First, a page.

But a CISO’s options for frustrating insider threats aren’t limited to the scaffolding of zero trust thinking. There is a whole range of additional tools that can help ensure an organization isn’t leaking data through either carelessness or malice.
Data loss prevention (DLP) solutions
Much of the battle surrounding insider threats is fought against data leakage. AI/ML-backed DLP tools keep sensitive data from being uploaded to the web or leaked from endpoints. Inline inspection is critical for data in motion since up to 95% of web traffic today is encrypted. Exact data match (EDM) capabilities provide organizations with the ability to prohibit the uploading of credit card information, Social Security numbers, tax documents, and other sensitive data.
These capabilities will prove even more essential in light of the growing use of generative AI engines like ChatGPT. As we’ve seen, queries to these tools offer another opportunity for proprietary data like source code to leak from organizations. DLP tools can help address this. Finally, since not all sensitive data exists in text format, so-called “multi-modal” DLP will help prevent data leaks in audio and video formats like recorded video conferences, for example.
Cloud-native application protection platforms (CNAPPs)
Together with DLP, CNAPPs are the workhorses of unified data protection strategies. According to Zscaler’s ThreatLabz team, 98.6% of organizations have misconfigurations in their cloud environments that introduce critical risks to their data and infrastructure. CNAPP solutions monitor data at rest in SaaS apps and other cloud instances for these misconfigurations, risky file shares, and sensitive data residing unprotected in public clouds based on predefined DLP categories.
These capabilities are especially useful in combating instances of accidental leakage, given the pressure development teams are under to monitor dozens (or more) instances of cloud workflows across diverse cloud environments, each with its own idiosyncratic and ephemeral natures.
Cloud browser isolation
Insider threats don’t always come from employees. Third parties occasionally require access to internal apps and resources in order to fulfill their responsibilities. In the case of unmanaged devices making resource requests, cloud browser isolation solutions are useful for preventing data leakage. Rather than granting unfettered access to internal data, browser isolation solutions allow organizations to provide read-only access while limiting copy, paste, and print capabilities. Additional upload/download controls add granularity to data protection policies.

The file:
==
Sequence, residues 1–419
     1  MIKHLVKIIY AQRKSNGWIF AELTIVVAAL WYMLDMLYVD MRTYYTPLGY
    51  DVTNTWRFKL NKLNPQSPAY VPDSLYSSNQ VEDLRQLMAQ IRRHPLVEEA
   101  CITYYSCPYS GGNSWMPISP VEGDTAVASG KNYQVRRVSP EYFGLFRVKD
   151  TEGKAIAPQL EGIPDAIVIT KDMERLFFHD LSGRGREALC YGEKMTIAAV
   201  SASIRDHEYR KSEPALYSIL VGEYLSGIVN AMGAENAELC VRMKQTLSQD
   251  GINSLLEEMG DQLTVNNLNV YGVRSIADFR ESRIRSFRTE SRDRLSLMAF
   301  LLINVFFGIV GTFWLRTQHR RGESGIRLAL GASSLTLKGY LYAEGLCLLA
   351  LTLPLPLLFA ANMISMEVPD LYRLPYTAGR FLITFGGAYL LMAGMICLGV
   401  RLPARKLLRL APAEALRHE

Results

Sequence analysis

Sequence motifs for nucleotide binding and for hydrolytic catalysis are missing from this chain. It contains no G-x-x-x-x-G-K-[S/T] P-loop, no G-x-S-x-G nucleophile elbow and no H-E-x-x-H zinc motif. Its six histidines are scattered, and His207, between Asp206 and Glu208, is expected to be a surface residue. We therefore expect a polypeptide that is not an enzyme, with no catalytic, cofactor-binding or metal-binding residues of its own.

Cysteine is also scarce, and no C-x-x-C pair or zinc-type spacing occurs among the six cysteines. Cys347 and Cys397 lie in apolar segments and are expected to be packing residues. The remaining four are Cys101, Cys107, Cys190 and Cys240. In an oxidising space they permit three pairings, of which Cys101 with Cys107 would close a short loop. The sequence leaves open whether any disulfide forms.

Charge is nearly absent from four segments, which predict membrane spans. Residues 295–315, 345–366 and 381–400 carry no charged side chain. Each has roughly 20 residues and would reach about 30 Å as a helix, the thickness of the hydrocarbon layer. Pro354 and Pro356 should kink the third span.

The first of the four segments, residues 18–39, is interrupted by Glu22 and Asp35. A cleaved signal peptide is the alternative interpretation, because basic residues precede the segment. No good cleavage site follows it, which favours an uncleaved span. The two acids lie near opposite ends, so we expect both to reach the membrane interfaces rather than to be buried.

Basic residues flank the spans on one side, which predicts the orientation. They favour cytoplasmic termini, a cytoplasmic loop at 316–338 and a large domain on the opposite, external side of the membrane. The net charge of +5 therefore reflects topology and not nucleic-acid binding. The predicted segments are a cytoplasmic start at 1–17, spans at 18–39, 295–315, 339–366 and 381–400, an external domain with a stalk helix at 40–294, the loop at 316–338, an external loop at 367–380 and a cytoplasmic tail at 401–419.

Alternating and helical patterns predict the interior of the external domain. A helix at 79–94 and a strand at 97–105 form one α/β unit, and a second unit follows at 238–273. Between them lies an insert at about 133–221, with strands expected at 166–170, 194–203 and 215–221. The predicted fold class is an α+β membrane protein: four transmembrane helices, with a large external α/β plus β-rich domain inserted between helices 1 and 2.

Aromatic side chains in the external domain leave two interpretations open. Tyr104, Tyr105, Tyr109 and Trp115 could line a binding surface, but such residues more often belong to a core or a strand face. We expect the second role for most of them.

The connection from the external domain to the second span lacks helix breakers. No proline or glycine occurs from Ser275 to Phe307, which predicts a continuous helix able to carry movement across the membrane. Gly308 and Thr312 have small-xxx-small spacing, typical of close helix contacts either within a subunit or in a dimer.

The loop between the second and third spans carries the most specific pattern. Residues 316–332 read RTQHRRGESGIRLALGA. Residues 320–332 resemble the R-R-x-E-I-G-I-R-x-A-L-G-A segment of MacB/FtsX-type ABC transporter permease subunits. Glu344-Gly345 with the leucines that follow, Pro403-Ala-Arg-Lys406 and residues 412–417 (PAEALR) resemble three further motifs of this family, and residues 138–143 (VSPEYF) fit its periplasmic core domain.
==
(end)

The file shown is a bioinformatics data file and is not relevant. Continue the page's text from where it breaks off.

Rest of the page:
Organizations tracking user activity can turn to tools like honeypots and lures to address insider threats and dwell time. Because the majority of security incidents involve stealing or illicitly using legitimate credentials, 91% of attacks don’t trigger security alerts. Through the strategic placement of decoys, lures, and tar pits can steer insiders away from valuable resources. Anomalous or risky behavior will trigger alerts tipping security teams to possible issues, drastically reducing the time to detection of a potential security incident.
Insiders are a difficult, not impossible, problem
Combating insider threats is difficult. It can feel like defending against attackers who already hold the keys to the kingdom. But adopting a zero trust framework is an effective first step at limiting potential damage from malicious or inattentive insiders. Ultimately, though, enlisting a well-rounded lineup of security solutions is critical to defending against insider threats, unwanted data leakage, and the most punishing consequences of cyber incidents.